In this article, I will discuss how textures and texture layers can transform digital photographs into digital artwork. The article also includes links to two of my Creative Commons images so that you can follow along with the Photoshop tutorial.
A high-key portrait was converted to a line drawing in Photoshop but the result was flat and cartoonish. Texture overlays were applied to the eyes, nose, jawline, and neck to better define the facial contours. The final image has a more realistic, fine art-like appearance.
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What’s old is new again. When I was in school, I learned about the seven formal artistic elements found in the visual and graphic arts--line, color, shape, form, value, texture, and space. By controlling the interaction of these elements, the visual and graphic artist can convey a feeling of movement, ambience, depth, and visual richness within their works. I promptly forgot all that fuzzy science stuff in the pursuit of my technical degrees. But here I am, re-learning the very lessons Mrs. Reynolds covered ever so long ago.
“Why?” you ask. Well, it turns out that digital artistry and photography are bound by the same set of rules and principles Mrs. Reynolds tried to teach me. What’s old is new again; and as an aspiring digital artist, I’m learning a lot by studying painting and drawing technique. I still can’t draw worth a whit, but that’s a problem for another day.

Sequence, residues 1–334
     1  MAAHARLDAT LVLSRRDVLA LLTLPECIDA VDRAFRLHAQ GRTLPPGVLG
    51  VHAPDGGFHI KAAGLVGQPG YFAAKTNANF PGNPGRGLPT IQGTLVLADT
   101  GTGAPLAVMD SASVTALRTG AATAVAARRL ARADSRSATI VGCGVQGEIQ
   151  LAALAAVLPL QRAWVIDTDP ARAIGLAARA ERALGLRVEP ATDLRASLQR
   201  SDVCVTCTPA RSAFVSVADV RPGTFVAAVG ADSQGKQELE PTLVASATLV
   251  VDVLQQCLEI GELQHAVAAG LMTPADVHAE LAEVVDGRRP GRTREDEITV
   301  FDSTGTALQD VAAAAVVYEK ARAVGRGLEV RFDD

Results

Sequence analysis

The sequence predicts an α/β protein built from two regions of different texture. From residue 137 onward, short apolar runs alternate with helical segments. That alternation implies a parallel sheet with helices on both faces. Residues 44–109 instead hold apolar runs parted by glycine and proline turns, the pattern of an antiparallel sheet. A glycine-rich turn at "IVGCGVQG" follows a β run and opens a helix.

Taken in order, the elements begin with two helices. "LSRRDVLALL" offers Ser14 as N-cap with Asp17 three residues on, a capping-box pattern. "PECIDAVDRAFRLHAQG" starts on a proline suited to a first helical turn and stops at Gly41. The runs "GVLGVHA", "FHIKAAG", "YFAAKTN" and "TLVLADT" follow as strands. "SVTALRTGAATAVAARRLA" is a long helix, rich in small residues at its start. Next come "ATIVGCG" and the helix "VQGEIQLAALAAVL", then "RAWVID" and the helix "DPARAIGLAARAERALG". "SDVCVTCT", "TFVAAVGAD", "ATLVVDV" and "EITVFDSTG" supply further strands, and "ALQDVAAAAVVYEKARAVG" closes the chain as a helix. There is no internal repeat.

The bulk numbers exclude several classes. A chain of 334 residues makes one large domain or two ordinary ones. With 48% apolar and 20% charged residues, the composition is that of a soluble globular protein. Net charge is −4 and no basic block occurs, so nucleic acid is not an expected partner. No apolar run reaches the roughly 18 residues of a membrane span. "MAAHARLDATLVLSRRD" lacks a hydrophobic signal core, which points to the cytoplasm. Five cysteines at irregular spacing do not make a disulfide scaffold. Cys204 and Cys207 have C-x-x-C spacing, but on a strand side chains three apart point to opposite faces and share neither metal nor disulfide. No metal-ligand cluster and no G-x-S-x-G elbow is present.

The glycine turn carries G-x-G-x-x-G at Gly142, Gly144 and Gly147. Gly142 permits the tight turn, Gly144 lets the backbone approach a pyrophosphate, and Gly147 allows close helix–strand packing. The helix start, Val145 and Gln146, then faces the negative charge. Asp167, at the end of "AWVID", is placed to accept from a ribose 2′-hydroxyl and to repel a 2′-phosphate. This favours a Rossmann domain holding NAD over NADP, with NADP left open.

I can still hear her voice when I tell you that there are two types of texture in the visual and structural arts--physical texture and visual texture. Physical texture is texture that can be felt by touching the surface of the artwork. In painting and multimedia arts, physical texture can be imparted by
Most paintings and mixed media works aren’t intended to be touched or handled. So why do artists add physical texture? One reason is to emphasize the physicality and aesthetic appeal of the work. Another reason is to add micro-contrast and visual depth to the image. The grittiness and/or smoothness of the medium contribute to the overall ambiance of the work as much or more than painting technique. Rough surfaces can be visually active, while smooth surfaces can be visually restful. The use of both can impart a sense of personality. The juxtaposition of smooth and rough textures can also create emphasis, rhythm, and contrast.
OK. Let’s circle back. Why am I talking about physical texture in the context of photography? Photography is after all, a two-dimensional medium. My first reason is that some physical texture effects can be simulated by visual texture techniques. Secondly, when photographs are printed, they become three-dimensional objects with their own shape, form, and texture.
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